Sunday Service Via Video, Week 1: A Little More Comfort, A Lot Less Connection
Jessy Hennesy of Arvada has been attending Jefferson Unitarian Church in Golden for about 20 years. This week, service was a little different from what she’s used to.
“It’s just before 11 and they’re starting with morning song where we sing a couple of songs prior to the service,” Hennesy said in a video of herself streaming the service from her laptop.
Church leaders open the worship by inviting virtual congregants to join in and sing the song, "This Little Light Of Mine." Hennesy closes her eyes and begins singing to herself in her living room, coffee in hand.
Restrictions on group activities and events have forced faith groups to cancel services to help slow the spread of the new coronavirus.
Jefferson Unitarian Church has suspended all gatherings of 12 people or more and leaders are encouraging congregants to stay connected by watching services online. Before COVID-19 forced closures, the church offered Sunday services online. But now they've added more streaming blocks to replace in-person programming.
A spokeswoman with the church said typically about 40 devices stream Sunday services but last Sunday, when in-person services were canceled, 470 devices were streaming.
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“I liked being able to just sit in like, whatever I wanted to wear that day and be comfortable and readjust, and not have to worry about was I sitting in a way that like was going to bother other people,” Hennesy said.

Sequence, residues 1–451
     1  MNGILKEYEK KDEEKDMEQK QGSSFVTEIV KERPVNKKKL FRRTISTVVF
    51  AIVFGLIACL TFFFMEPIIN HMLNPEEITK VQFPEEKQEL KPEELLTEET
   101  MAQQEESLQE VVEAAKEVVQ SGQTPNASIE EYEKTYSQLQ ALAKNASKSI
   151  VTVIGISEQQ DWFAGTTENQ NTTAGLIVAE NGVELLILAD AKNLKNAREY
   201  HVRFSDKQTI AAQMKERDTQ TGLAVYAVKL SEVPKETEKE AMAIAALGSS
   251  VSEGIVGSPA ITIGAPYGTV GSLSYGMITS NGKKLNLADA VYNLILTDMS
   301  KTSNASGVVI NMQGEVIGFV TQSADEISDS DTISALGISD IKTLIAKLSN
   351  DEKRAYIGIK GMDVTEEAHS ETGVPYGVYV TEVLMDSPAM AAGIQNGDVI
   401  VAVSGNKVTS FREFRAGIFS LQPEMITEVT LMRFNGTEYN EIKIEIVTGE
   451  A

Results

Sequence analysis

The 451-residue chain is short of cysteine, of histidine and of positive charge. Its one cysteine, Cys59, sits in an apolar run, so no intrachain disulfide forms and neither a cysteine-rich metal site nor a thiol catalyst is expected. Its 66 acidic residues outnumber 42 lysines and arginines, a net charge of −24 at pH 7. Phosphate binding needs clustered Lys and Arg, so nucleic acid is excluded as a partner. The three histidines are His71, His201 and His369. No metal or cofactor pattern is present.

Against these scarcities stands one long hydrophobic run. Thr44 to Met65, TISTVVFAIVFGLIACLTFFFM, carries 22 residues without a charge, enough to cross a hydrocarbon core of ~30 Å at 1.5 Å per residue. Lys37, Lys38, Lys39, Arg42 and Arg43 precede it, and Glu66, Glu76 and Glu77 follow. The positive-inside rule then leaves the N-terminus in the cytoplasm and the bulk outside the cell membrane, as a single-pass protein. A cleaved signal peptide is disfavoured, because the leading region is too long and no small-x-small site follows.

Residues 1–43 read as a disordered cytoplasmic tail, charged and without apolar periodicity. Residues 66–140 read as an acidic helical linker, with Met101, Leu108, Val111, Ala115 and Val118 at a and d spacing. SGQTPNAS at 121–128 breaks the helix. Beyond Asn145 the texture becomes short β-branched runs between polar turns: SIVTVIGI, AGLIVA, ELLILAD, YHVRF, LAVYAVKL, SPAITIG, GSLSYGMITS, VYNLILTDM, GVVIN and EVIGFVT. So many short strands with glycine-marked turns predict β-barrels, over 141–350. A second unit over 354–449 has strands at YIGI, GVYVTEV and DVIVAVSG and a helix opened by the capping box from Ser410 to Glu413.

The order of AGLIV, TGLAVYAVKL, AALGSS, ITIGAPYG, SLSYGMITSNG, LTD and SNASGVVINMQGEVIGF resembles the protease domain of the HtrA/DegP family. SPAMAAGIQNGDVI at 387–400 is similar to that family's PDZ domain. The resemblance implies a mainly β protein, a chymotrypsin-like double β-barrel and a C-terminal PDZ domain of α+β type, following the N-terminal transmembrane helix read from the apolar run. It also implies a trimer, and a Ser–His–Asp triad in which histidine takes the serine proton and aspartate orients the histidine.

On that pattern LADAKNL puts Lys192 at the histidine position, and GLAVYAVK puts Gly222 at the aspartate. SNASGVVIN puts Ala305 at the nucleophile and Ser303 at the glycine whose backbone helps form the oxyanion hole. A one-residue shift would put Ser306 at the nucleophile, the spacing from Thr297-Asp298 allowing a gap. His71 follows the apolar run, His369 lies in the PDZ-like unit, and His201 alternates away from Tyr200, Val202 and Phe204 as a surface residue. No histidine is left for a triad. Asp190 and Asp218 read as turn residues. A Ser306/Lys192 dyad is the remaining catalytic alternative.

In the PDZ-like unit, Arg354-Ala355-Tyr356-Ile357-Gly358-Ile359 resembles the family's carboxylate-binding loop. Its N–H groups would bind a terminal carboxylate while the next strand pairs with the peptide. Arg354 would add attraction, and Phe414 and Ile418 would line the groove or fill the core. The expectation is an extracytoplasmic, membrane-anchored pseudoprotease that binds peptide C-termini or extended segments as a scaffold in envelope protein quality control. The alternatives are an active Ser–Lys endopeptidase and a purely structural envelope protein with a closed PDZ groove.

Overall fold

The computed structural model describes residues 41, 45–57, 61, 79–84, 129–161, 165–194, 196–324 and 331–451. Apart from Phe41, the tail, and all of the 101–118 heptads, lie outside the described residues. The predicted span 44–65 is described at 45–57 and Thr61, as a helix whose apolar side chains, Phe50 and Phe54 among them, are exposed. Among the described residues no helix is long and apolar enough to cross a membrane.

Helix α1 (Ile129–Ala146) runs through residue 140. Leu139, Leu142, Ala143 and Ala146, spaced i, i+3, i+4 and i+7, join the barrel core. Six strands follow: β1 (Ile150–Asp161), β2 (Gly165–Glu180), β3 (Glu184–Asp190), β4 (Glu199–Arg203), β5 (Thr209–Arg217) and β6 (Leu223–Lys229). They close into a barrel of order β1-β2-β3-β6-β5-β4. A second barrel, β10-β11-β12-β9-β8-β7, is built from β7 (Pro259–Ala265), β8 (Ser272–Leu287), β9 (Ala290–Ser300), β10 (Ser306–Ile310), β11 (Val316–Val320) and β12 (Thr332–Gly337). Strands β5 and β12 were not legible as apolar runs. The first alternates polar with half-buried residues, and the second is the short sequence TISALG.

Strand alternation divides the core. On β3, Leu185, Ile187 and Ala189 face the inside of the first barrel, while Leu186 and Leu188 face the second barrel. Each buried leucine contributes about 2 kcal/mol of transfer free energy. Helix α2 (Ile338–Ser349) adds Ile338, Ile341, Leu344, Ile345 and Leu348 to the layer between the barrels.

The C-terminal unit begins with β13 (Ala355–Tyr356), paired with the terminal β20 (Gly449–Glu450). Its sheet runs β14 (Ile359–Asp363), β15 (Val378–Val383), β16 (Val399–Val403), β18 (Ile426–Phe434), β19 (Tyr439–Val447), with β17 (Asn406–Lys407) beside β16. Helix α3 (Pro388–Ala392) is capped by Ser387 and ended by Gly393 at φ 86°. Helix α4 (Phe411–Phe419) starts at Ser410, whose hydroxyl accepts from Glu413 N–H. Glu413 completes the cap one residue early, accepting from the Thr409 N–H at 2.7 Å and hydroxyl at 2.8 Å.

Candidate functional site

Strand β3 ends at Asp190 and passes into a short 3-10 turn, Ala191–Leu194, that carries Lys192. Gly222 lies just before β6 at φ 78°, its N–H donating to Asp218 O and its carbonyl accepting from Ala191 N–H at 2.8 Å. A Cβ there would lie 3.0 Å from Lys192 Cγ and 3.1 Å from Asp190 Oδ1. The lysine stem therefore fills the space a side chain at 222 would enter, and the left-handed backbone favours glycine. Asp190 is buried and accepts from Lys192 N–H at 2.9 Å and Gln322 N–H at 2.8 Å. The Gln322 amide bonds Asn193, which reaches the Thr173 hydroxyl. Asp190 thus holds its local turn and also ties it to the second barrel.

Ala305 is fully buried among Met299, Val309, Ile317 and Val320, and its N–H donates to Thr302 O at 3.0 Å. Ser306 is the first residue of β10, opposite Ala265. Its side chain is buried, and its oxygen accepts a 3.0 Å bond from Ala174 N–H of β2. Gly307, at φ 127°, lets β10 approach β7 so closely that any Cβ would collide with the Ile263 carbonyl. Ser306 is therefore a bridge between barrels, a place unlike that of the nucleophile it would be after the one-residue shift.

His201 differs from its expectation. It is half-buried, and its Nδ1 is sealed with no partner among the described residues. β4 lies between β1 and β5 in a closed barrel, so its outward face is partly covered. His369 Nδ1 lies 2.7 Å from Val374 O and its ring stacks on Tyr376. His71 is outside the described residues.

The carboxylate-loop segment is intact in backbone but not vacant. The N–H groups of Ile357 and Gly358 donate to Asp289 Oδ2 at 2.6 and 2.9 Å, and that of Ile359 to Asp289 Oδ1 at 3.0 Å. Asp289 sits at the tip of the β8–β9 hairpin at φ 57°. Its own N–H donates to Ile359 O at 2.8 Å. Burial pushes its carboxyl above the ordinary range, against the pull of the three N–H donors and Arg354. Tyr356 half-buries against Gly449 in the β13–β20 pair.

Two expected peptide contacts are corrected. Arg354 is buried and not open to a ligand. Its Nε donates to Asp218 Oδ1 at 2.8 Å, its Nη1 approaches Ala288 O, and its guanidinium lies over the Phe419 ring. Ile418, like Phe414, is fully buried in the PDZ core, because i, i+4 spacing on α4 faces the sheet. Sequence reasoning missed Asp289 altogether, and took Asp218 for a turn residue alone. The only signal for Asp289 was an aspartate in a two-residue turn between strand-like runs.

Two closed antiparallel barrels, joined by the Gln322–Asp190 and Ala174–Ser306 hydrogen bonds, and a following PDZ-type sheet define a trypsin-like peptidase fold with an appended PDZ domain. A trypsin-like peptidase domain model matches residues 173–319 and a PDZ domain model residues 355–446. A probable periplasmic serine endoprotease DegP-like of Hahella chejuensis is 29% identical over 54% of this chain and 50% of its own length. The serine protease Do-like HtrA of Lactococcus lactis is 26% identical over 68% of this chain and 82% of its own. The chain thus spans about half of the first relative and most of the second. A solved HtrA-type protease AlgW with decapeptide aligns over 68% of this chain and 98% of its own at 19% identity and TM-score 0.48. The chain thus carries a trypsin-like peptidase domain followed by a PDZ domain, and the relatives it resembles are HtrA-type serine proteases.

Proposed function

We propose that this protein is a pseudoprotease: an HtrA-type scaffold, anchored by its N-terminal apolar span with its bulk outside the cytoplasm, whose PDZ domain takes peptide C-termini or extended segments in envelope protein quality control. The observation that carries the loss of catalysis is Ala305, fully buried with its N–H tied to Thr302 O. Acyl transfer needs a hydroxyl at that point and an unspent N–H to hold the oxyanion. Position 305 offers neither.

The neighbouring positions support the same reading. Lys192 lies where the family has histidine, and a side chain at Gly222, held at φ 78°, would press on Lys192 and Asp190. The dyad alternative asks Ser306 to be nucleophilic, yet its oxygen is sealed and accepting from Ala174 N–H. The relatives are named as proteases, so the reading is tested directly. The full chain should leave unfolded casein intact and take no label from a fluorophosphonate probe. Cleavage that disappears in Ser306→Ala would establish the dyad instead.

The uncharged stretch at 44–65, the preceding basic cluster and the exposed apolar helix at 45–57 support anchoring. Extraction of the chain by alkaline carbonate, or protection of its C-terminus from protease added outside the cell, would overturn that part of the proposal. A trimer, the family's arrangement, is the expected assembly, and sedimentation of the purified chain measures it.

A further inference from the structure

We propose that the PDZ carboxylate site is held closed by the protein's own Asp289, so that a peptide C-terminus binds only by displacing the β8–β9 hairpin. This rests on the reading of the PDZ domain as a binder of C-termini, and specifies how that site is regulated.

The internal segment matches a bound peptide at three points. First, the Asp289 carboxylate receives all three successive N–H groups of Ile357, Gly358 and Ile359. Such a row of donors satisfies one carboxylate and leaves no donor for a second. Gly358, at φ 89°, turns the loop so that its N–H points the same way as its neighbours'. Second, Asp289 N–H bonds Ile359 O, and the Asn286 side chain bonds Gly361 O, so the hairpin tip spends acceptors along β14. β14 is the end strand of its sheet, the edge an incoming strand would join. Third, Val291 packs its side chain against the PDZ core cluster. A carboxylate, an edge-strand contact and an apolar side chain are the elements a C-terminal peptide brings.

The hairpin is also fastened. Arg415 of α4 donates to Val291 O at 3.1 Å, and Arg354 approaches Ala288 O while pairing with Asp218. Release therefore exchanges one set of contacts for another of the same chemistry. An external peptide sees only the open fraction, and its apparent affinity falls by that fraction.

When church leaders lit a chalice on the video stream, she lit her own blue chalice from home. The chalice lighting is a tradition in the Unitarian Universalist faith that symbolizes the community coming together. Even though she included that in her worship service at home, Hennesy said it's not the same as going to church in person.
“I didn't get to connect as much with my fellow congregants or with the staff in the way that I normally do on a Sunday,” she said.
Usually, after church, Hennesy spends time catching up with other congregants in the common area. There is food available, too, for a donation. But even that’s a little concerning right now because “I assume that folks have their financial situation up in the air and so there will probably have to be some reconsideration,” she said.
Online streaming isn’t available to everyone and some in the church are reaching out to those people to make sure they have access. That will be important to ensure congregants stay connected, Hennesy said.
She said the support of an online service is reassuring at a time when things are changing so fast.
“I'm more worried about the costs of inaction than I am about kind of closing things off,” she said. “I think that we have a whole lot of creativity within our church, within society, in our ability to get work done, and so there's a lot of struggle and I think that we'll be able to figure things out in a way that keeps people connected.”
How are you and your faith community approaching remote services and remote fellowship? Let me know at firstname.lastname@example.org.
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